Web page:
[2] Miller v. Alabama, 132 S. Ct. 2455 (2012).

[3] State-By-State Legal Resource Guide- accessed Feb 9- http://www.usfca.edu/law/jlwop/resource_guide/

More Analysis on Today’s Alabama v. Miller Decision

Ellen Marrus is the George Butler Research Professor of Law at the University of Houston Law Center. Professor Marrus also serves as Director of UH’s Center for Children, Law & Policy and Director of the Southwest Juvenile Defender Center. She received her J.D. in 1990 from the University of San Francisco and her LL.M. from Georgetown University Law Center in 1992. She came to the University of Houston Law Center in 1995 after practicing as a public defender in California. Professor Marrus concentrates her scholarship in the areas of children’s rights, juvenile justice, and professionalism.

The United States Supreme Court today continued with its line of cases favoring children in the decisions of Miller v. Alabama and Jackson v. Hobbs. The Court announced that youth under the age of eighteen may not face a mandatory sentence of  life without parole, even in homicide cases. Read the Court’s opinion here. In a 5-4 decision, Justice Kagan stated that “such a scheme prevents those meting out punishment from considering a juvenile’s ‘lessened culpability’ and greater ‘capacity for change.’”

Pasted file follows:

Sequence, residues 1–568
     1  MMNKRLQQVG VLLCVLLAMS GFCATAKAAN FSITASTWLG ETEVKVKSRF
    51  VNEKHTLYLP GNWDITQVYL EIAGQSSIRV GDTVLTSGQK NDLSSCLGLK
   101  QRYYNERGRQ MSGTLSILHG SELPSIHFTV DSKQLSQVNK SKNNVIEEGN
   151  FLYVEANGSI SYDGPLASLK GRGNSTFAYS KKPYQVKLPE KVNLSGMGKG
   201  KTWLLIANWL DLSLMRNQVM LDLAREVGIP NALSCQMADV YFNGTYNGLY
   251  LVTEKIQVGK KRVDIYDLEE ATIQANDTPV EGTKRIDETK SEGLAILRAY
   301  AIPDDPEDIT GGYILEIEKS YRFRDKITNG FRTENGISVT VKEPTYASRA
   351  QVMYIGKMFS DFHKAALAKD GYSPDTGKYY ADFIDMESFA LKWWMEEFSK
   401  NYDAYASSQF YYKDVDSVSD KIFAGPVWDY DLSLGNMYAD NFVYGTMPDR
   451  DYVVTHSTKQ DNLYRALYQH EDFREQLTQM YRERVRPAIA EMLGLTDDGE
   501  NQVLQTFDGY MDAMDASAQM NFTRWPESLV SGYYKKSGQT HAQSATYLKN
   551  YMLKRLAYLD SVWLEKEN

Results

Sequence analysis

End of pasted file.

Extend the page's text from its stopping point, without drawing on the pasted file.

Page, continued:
As the Court did in the previous cases of Roper and Graham, Justice Kagan relied on three major differences between children and adults – children’s immaturity, vulnerability, and the lack of a juvenile’s character being fully formed. The Court emphasized the need for courts to consider several factors prior to sentencing juveniles including “his chronological age and its hallmark features—among them, immaturity, impetuosity, and failure to appreciate risks and consequences. It prevents taking into account the family and home environment that surrounds him—and from which he cannot usually extricate himself—no matter how brutal or dysfunctional. It neglects the circumstances of the homicide offense, including the extent of his participation in the conduct and the way familial and peer pressures may have affected him.”

The Court also recognized that juveniles react differently than adults to the legal process. If it was not for a child’s incompetencies such as not knowing how to deal with the police, prosecutors, and in many cases, even his own attorney, “he might have been charged and convicted of a lesser offense.